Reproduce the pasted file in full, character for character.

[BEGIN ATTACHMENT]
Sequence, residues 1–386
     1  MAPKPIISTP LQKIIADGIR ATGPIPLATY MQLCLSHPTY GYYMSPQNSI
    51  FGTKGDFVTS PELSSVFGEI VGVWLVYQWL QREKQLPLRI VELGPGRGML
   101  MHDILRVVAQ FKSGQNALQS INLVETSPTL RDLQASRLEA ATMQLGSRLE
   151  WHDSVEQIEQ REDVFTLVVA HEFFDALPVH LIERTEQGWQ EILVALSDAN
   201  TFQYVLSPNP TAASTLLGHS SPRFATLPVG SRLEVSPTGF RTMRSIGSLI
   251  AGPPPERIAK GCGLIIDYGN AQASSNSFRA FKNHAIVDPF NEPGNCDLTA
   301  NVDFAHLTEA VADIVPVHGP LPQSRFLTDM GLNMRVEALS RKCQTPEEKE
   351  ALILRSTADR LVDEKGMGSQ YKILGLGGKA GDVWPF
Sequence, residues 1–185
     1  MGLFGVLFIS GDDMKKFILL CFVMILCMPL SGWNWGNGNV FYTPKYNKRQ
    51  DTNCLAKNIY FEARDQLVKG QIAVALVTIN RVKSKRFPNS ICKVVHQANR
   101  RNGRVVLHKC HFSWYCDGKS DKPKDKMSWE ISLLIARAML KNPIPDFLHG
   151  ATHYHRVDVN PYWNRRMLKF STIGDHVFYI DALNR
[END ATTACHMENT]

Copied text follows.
Sequence, residues 1–386
     1  MAPKPIISTP LQKIIADGIR ATGPIPLATY MQLCLSHPTY GYYMSPQNSI
    51  FGTKGDFVTS PELSSVFGEI VGVWLVYQWL QREKQLPLRI VELGPGRGML
   101  MHDILRVVAQ FKSGQNALQS INLVETSPTL RDLQASRLEA ATMQLGSRLE
   151  WHDSVEQIEQ REDVFTLVVA HEFFDALPVH LIERTEQGWQ EILVALSDAN
   201  TFQYVLSPNP TAASTLLGHS SPRFATLPVG SRLEVSPTGF RTMRSIGSLI
   251  AGPPPERIAK GCGLIIDYGN AQASSNSFRA FKNHAIVDPF NEPGNCDLTA
   301  NVDFAHLTEA VADIVPVHGP LPQSRFLTDM GLNMRVEALS RKCQTPEEKE
   351  ALILRSTADR LVDEKGMGSQ YKILGLGGKA GDVWPF
Sequence, residues 1–185
     1  MGLFGVLFIS GDDMKKFILL CFVMILCMPL SGWNWGNGNV FYTPKYNKRQ
    51  DTNCLAKNIY FEARDQLVKG QIAVALVTIN RVKSKRFPNS ICKVVHQANR
   101  RNGRVVLHKC HFSWYCDGKS DKPKDKMSWE ISLLIARAML KNPIPDFLHG
   151  ATHYHRVDVN PYWNRRMLKF STIGDHVFYI DALNR